• by wjcofkc ( 964165 ) on Sunday October 13, 2013 @09:20AM (#45113617)
    I find it interesting that his efforts go back this far and span another agency. He was aware of things back at the CIA that even then disgusted him so much he was already trying to do what he ultimately accomplished. Most people that upset would have simply quit and walked away from the whole thing, or turned a blind eye. Instead, he dug in deeper and moved to an even more secret agency - it's safe to say he had intent. That took a lot of backbone. Snowden is like a one person spy agency, only working for the people instead of against. This guy manages to earn more respect from me on a weekly basis it seems.
  • The NYT article is based entirely on unnamed sources with obvious bias. Inherently untrustworthy.
  • If that guy was successful against Snowden, some other guy would eventually do what Snowden has done. It would only be a matter of time.

  • Perhaps, but ... (Score:5, Insightful)

    by PPH ( 736903 ) on Sunday October 13, 2013 @11:10AM (#45114111)

    ... I'd also go back and take a look at that CIA supervisor. If something changed in Snowden's conduct, perhaps it was caused by his seeing some goings on at work.

    I've seen a few examples of this in my past careers. When a boss starts screwing over the company, his employees typically respond in one of several ways: Some try to get their own piece of the action. Some just say 'Screw it' and let their productivity go to hell. Some quit. And some push back and figure that they'll 'get' something on the SOB. Its possible that Snowden fell into the latter category. He either left on his own, figuring the battle wasn't worth fighting. Or he was pushed out in a manner designed not to trigger any further investigations that could blow back in the boss' face. So he takes his clearance and goes to work as a contractor for the NSA. And he sees that the problems are so widespread, they cross organizational boundaries. In the final analysis, it appears he was proved correct.

    The CIA/NSA/FBI and other TLAs appear to have such lax ethics, it would not surprise me at all if quite a few employees in these organizations are choosing the first option: Might as well jump in and grab a piece of the action.

  • Clearly, we need to keep patriots away from the CIA, they might get the wrong idea about the sorts of good work that we do in the world...
  • How do we know Snowden wasn't a CIA plant? that the leak wasn't a CIA effort to try and rein in NSA operations, freeing up budgetary funds to go to CIA operations instead. And that this is the CIA working to disavow their man?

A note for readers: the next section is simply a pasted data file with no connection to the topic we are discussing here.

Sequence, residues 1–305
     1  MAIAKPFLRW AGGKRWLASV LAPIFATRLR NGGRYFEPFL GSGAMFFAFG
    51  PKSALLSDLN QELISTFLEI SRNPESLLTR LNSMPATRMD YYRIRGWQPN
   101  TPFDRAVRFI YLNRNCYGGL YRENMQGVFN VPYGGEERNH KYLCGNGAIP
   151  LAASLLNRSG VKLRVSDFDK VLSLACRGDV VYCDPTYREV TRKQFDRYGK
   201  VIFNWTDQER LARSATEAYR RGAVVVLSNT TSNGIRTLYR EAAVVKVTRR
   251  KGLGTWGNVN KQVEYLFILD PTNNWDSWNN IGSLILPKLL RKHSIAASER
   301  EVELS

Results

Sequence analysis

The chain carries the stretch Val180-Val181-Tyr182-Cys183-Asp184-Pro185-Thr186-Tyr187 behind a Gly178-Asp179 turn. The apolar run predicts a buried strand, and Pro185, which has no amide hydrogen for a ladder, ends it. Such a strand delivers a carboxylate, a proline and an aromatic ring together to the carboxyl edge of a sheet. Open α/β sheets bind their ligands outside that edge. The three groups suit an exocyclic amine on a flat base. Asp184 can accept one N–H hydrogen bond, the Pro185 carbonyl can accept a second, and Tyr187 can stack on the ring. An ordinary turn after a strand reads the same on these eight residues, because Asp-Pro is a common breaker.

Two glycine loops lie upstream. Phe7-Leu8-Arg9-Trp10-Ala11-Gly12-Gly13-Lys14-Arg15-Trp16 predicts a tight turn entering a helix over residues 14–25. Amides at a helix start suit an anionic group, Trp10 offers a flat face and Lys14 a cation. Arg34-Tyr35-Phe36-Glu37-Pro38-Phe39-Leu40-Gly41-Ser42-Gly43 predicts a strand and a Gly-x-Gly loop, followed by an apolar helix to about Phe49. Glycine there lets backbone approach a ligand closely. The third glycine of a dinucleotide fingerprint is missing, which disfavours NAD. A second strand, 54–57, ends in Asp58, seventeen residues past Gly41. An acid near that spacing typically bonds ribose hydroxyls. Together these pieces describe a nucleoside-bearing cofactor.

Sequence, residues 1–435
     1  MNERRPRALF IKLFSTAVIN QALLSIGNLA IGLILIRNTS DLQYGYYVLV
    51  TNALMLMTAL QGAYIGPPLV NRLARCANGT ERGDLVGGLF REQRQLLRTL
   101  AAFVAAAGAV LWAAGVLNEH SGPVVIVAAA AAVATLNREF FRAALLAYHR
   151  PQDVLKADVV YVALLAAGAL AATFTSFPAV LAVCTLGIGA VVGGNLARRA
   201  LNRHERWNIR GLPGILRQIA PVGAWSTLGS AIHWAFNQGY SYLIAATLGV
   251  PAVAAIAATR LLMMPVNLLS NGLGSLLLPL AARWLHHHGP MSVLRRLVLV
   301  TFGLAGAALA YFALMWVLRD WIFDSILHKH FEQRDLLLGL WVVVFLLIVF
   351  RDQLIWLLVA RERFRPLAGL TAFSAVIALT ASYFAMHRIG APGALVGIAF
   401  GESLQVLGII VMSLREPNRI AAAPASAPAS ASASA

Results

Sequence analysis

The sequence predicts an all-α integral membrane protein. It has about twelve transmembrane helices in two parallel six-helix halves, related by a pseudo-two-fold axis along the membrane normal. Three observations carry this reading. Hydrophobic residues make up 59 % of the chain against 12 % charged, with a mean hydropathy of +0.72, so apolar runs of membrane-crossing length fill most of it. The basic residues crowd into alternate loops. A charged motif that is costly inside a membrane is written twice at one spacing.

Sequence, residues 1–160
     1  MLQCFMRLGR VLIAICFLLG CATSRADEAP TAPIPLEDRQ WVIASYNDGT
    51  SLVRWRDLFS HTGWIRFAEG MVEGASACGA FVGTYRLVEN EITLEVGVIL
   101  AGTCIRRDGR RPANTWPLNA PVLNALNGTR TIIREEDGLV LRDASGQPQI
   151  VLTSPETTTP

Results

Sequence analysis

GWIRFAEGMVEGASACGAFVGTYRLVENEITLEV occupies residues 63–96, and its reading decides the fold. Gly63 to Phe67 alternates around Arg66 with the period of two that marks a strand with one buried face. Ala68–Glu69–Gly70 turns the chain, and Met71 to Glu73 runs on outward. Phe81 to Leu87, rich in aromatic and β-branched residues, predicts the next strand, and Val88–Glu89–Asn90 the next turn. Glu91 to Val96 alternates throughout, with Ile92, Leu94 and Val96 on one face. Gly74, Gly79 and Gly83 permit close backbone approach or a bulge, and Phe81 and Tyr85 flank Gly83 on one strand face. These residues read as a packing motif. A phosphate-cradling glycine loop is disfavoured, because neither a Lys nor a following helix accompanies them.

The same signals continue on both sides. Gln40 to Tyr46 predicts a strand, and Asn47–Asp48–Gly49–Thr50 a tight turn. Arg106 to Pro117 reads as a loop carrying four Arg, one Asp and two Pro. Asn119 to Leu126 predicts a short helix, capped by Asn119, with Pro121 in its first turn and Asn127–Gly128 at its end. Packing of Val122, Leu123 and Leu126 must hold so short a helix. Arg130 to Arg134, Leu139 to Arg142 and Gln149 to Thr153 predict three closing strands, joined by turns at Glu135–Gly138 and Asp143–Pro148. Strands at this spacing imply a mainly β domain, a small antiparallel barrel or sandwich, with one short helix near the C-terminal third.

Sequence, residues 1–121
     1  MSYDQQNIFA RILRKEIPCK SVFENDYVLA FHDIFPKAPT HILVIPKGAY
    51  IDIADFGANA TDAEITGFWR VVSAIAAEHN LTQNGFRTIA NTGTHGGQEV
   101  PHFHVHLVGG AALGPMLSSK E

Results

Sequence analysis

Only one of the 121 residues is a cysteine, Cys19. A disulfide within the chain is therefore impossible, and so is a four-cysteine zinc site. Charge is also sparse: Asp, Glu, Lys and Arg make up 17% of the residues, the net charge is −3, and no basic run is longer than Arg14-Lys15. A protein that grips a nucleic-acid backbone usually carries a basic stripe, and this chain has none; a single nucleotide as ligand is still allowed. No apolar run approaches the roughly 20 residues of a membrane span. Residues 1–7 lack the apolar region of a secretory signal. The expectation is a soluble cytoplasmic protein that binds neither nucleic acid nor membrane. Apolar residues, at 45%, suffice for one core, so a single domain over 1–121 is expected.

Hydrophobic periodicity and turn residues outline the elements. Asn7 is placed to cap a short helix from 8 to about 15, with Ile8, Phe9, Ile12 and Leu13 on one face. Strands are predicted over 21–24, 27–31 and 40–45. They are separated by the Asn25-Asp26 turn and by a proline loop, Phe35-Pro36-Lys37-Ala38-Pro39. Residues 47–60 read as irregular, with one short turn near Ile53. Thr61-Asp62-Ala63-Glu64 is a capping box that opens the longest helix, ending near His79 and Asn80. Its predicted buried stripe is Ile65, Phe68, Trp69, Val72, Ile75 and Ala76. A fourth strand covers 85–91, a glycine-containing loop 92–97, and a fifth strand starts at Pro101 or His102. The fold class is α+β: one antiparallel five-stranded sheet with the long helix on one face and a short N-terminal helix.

Clearly the CIA and NSA need to spend more time spying on each other and their own employees, and leave the rest of us alone.

  • So, if NSA did not have full access to CIA employee and contractor data, does it mean they're not that good after all? Because normally, why would anybody bother telling NSA anything? Wouldn't that be redundant, just unnecessary bureaucracy?

  • by davydagger ( 2566757 ) on Sunday October 13, 2013 @09:05PM (#45117359)
    Why are we asking how we could have stopped snowden, when we are not asking why we couldn't stop the machinations he revealed.

    Really, what is higher priority???

    As far as fixing the federal government. First, we'd need a government with any real care about the nation, something I don't think we've seen in a long time. Most people in the government are bureaucrats looking to expand their own interests, often at behest of the state. Thats never really going to change, because, as time goes on, less and less people give a fuck about the state for various reasons.

    Corporate sponsers don't give a fuck except pleasing their parent corporation, the biggest and most influentials are multinationals that don't have the USA's best intrest in mind. Just intrest in using the government for their own ends.

    The working class often couldn't give a shit about a corporate sponsored government, further than their own careers and retirement funds. They simply couldn't give a shit.

    Then you have various conflicting ethnic loyalities, disgruntled employees who simply don't give a fuck, etc...

    There is nothing unifying it all, except what people can get out of it, and when the get is out of it, the system will collapse.
  • by SwampChicken ( 1383905 ) on Monday October 14, 2013 @04:01AM (#45119225)
    of "shooting the messenger".

God made the integers; all else is the work of Man. -- Kronecker